I procrastinate. Try it. It’s a big time saver. My motto: Always put off till tomorrow what doesn’t need doing today. The dry cleaner says, “Friday.”
You think, “See ya when I see ya.”
Check each entry on your to-do list. Ask yourself, does this have to be done right away? This week? No? Fageddaboutit.
I create new systems for managing papers, clothes, whatever – then forget the new rules for where things go. So, hunting for stuff uses up all the time I’ve saved by procrastinating.
“Do you make lists like Mom and I do, Grandma?” my granddaughter asked.
“No, honey. I didn’t get that gene.”
Recently, her list-making mother, long-resigned to my “enter at your own risk” home office, couldn’t contain herself.
“Mom,” she chided, “move the files in those folder-holders into drawers. It’s bad Feng Shui to see them sitting out on the credenza.” Hope she’s happy. Now, instead of quickly stuffing papers into in-plain-sight folders, I play Eenie, Meenie, Miny Mo to find the right file drawer. But hey, the Feng Shui’s fabulous.
I do make grocery lists. Do I peek at the list when I’m at the store? No. Do I get home and realize I forgot something? Often. It’s just a little game I play to make life interesting.
My never-throw-anything-away mentality wreaks havoc with electronic files, too. A writing instructor fanned the flames of my hoarding habits. “Don’t delete any files,” she advised. “Create an archives folder for all versions except the final one.”
Did I follow her advice? Briefly, like every other shiny new system I try and soon abandon.
Don’t get me wrong: I understand the benefits of having a place for everything and everything in its place. “This purse is new,” I explained to my friend, as I fished around for my credit card while our waiter waited.
“Changing purses is always a problem,” she agreed. “You have to decide where everything goes and stick to the plan.”
Good advice. Wish I’d followed it. Every day I have at least one hair-on-fire moment when I’ve checked and rechecked every zipped and unzipped compartment – deftly designed to keep contents organized – until I’m sure I’ve lost my phone. At home, unlike my children and theirs, my phone isn’t attached to my person. Don’t ask how often I grab my iPad to use the “Find My Phone” app.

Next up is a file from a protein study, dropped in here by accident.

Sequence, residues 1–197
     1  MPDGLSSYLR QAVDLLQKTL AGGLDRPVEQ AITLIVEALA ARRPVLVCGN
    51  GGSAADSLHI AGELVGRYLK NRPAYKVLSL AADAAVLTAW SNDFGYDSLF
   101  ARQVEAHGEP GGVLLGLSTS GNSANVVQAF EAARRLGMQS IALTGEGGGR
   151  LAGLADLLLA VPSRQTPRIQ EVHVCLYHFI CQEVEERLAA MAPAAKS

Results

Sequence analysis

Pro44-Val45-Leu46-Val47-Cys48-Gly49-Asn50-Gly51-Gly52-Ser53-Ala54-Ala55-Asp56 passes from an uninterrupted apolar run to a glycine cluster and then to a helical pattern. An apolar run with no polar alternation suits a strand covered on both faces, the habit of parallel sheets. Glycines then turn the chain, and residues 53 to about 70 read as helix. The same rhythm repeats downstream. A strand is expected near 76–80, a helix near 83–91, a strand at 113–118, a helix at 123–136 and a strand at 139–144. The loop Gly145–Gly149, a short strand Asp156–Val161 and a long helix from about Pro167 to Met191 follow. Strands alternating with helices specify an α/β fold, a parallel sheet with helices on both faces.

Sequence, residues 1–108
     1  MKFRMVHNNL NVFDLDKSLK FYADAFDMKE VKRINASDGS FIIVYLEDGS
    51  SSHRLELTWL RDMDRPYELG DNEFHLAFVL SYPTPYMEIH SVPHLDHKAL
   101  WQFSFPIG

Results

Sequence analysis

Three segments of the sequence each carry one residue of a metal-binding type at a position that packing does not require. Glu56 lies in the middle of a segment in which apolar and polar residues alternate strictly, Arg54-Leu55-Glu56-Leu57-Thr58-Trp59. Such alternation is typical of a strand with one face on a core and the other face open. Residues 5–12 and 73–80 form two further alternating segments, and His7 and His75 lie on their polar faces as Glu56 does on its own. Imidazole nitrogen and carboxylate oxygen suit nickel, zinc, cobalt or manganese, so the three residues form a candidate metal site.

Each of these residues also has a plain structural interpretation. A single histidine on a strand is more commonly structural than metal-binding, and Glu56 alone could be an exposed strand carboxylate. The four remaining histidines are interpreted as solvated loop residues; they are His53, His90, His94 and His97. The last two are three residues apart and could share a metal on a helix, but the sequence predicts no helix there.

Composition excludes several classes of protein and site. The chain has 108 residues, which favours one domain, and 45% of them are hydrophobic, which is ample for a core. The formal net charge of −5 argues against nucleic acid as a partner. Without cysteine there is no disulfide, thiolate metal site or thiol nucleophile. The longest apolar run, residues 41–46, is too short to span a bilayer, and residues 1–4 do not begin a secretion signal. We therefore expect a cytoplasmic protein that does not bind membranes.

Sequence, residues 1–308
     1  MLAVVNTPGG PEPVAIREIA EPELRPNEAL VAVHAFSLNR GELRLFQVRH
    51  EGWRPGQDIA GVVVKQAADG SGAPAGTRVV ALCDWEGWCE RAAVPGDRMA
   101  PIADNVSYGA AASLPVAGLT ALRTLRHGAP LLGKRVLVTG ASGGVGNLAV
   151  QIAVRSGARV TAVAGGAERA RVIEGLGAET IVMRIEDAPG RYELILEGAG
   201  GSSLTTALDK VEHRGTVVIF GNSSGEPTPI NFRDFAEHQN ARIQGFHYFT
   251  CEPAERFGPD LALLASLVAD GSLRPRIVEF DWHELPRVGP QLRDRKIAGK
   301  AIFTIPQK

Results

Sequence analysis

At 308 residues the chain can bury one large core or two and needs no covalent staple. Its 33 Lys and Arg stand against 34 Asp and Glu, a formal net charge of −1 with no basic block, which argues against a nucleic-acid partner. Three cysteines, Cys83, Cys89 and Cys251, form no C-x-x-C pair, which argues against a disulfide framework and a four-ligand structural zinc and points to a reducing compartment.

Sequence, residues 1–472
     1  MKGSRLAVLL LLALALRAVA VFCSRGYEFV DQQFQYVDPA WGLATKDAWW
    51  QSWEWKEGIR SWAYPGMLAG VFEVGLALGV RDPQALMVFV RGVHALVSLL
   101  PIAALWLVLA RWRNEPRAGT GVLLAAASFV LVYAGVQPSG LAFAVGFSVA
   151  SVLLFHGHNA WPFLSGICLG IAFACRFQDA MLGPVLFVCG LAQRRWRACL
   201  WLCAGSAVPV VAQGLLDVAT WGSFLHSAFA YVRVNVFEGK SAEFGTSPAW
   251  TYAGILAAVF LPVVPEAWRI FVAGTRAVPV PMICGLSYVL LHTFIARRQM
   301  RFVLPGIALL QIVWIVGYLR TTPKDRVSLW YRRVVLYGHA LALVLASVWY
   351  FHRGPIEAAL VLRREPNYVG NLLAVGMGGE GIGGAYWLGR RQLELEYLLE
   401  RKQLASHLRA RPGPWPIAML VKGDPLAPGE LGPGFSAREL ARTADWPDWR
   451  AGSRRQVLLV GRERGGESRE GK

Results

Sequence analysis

While my tolerance of tumult keeps me stumbling and bumbling through life, I’ve come to appreciate the little obstacle course I create for myself each day. Even if I could I wouldn’t change my never-twice-the-same approach to just about everything. Disorderly conduct blasts away boredom.
Always asking, “Why?” “Why not?” and “What’s next?” solo, sassy Barbara Rady Kazdan loves back roads travel and forward thinking. One question sparked and sustained her career as a social entrepreneur: Why accept the status quo when with imagination and grit you can improve it?
Barbara founded Achieving Change Together to advise and connect innovative non-profit leaders. Now through her personal essays Barbara probes possibilities and pokes fun at life. Find her enjoying close friends and her shaggy sheepdog in Silver Spring, Maryland, en route to far-flung family, and checking out what’s around the next bend. Sample her essays at http://mothersalwayswrite.com/1864-2/ and https://betterafter50.com/2017/03/blasting-the-blues-away/